This is the quintessential clam chowder served at the Union Oyster House on
Union Street in Boston. The recipe comes out directly from the Union Oyster Cookbook.
¼ CUP DICED SALT PORK
2 TBS BUTTER
½ CUP DICED ONION
½ CUP DICED CELERY
2 TBS FLOUR
½ TSP DRIED THYME
2 CUPS PEELED AND DICED POTATOES
2 CUPS MINCED FRESH CLAMS –
Frozen but not canned
2 CUPS CANNED CLAM JUICE
SALT, PEPPER, HOT SAUCE – to taste
1 CUP HALF AND HALF
WORCESTERSHIRE SAUCE – to taste
MAKES 2 ½ QUARTS
In a large pot over medium-low heat, render the salt pork until it is crispy – about 5 minutes.
Add the butter, and melt. Add onion, celery and cook until translucent – about 5 minutes. Stir in the flour to form a paste and cook, stirring constantly for 2-3 minutes.
Add the thyme, potatoes, and clam juice, and bring to a boil, stirring almost constantly. Reduce heat and simmer 10 minutes until potatoes are tender.
Add the clams and bring quickly to a boil, stirring almost constantly.
Add the half and half and bring quickly to a boil. Season with salt, pepper, hot sauce, and Worcestershire sauce to taste, and serve immediately.
NOTE: At the Union Oyster House the chowder is always served with a little packet of oyster crackers. However, you would be doing yourself a great disservice if you turned down their Corn Bread the recipe of which dates back to the earliest days of the Massachusetts Bay Colony.
Cornbread is believed to be one of the earliest American dishes.
It is likely that native Americans had been making it and/or similar
dishes long before the first settlers arrived. Cornbread in different regions
is also called Johnny Cake. However, the Union Oyster House
is righteously famous for its cornbread. And their recipe follows.
¾ CUP BUTTER – softened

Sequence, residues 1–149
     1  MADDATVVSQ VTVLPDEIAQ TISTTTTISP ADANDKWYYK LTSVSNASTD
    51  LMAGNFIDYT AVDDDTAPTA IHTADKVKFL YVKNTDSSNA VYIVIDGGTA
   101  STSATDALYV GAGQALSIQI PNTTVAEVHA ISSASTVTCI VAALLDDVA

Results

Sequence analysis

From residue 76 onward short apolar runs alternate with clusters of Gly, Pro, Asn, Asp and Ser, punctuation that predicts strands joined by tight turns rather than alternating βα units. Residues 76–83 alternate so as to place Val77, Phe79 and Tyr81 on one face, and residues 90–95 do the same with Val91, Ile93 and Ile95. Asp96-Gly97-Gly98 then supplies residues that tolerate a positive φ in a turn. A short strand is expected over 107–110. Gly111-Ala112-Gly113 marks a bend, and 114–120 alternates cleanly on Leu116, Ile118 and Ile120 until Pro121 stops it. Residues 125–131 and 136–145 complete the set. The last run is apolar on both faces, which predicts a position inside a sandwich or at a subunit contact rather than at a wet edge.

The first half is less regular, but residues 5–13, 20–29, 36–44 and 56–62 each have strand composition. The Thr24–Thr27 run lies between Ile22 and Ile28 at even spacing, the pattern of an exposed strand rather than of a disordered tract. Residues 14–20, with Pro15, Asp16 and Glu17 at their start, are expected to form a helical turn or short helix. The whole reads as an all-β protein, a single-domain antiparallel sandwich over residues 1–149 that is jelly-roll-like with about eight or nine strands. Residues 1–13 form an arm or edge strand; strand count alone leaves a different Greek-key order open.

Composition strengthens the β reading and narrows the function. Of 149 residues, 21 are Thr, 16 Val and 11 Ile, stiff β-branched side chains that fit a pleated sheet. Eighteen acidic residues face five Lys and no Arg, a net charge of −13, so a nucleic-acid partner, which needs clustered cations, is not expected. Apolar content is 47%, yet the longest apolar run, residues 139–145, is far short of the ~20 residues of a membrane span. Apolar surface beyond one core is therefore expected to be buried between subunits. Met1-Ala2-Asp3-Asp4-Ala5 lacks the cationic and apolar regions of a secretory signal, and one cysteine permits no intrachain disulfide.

2 CUPS SUGAR
2 TBS BAKING POWDER
2 TSPS SALT
½ CUP CORNMEAL
3 ¼ CUPS FLOUR
2 CUPS MILK
Preheat oven to 350º. Serves 6-8.
In a mixing bowl, cream together butter sugar baking powder and salt.
Add eggs, one at a time, beating well after each addition.
Add vegetable oil and cornmeal and mix for about 30 seconds. Scrape sides of bowl and beat about 15 seconds more.
Add flour and mix. Add milk and beat until smooth. Scrape sides and mix for a few seconds longer.
Grease and flour a 13 X 9-inch baking pan. Pour batter into pan and bake for30-35 minutes or until a toothpick* inserted in the center comes out clean.
NOTE: There is an interesting story about toothpicks connected to the Union Oyster House. It is believed that the toothpick was first introduced to the public at the Union Oyster House in the 1800s. Inventor Charles Foster, inspired by time spent in South America where he saw people cleaning their teeth with small slivers of wood, invented the toothpick using birch from Maine. To foster his business, he tried to get the Union Oyster House to offer them to dining guests. They refused so Foster engaged a group of money struggling Harvard students to go there for dinner and demand toothpicks after their meal. In return he paid for their dinner. The students complained loudly and from then on toothpicks were offered. Toothpicks caught on in other Boston establishments and later on through out many other parts of the country.